March 28, 2013
An uneven economic recovery continues in the Mountain West, with Colorado Springs struggling to make gains on all fronts, according to a report from the Brookings Institution.
The Mountain Monitor, a quarterly report produced by the Washington, D.C.-based nonprofit Brookings Institution and the University of Nevada at Las Vegas, studies economic factors in 10 large metropolitan areas in Colorado, Arizona, Idaho, Nevada, New Mexico and Utah. The latest report, covering the fourth quarter of 2012, found bright spots — such as rising home prices and accelerating job growth — tempered by other factors such as “a stark slowdown” in output growth.
While Colorado Springs saw its unemployment rate fall during the quarter, it still stood at 9 percent in December — above the national and state rates. Salt Lake City stood alone among the Mountain metros with a full recovery in employment, while the Springs was among those still faced with “persisting job deficits,” down 1.7 percent from peak employment before the recession.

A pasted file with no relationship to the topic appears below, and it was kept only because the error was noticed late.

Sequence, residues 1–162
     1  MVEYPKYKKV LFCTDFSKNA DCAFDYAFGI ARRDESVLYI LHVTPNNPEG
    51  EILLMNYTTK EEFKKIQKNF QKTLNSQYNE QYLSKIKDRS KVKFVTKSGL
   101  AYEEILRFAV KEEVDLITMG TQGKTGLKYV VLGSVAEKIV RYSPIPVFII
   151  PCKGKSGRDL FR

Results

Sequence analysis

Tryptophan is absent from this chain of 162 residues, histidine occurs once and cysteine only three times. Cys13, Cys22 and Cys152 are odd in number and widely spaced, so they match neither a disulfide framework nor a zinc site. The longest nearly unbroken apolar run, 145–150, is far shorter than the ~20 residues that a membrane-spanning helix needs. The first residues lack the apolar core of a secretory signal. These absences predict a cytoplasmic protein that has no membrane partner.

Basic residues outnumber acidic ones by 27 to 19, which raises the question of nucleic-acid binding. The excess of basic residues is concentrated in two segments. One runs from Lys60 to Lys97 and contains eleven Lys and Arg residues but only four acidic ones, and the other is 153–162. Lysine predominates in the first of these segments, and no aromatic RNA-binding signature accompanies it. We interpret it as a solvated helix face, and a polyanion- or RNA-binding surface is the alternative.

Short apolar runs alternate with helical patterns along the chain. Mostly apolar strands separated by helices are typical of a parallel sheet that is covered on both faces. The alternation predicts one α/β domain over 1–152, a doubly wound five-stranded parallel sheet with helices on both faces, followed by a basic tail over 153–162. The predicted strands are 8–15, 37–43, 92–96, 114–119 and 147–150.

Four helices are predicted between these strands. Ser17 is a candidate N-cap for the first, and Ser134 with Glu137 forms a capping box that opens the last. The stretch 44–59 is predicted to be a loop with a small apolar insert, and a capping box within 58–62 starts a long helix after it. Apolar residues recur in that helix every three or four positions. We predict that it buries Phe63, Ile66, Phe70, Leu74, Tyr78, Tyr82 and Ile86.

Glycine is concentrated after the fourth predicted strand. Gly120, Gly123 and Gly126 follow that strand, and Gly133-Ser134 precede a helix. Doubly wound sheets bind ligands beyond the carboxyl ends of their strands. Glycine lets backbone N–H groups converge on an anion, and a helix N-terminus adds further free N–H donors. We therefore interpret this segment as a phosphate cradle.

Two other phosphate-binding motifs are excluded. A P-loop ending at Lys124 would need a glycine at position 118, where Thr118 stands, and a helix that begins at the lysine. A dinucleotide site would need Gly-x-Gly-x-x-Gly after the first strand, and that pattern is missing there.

The rate of output growth slowed in all 10 of the Mountain metros examined and actually turned negative in the Springs and Denver, contracting by 0.5 percent and 0.3 percent respectively.
The Mountain West metros continued to lead the nation’s housing recovery in the fourth quarter, the Mountain Monitor said. In nine of the 10 areas, including Colorado Springs, home prices rose faster than the national average of 0.3 percent over the quarter. And while the nation’s home prices ended 2012 on average only 0.8 percent above their post-recession lows, every Mountain West metro beat that, with increases ranging from a high of 15 percent in Phoenix to 2.6 percent in the Springs and 0.9 percent in Albuquerque on the low end.
The Mountain Monitor is a companion to Brookings’ national Metro Monitor, which covers the 100 largest U.S. metro areas. Among those 100 metros, Colorado Springs ranked 76th in the fourth quarter in terms of its overall economic recovery.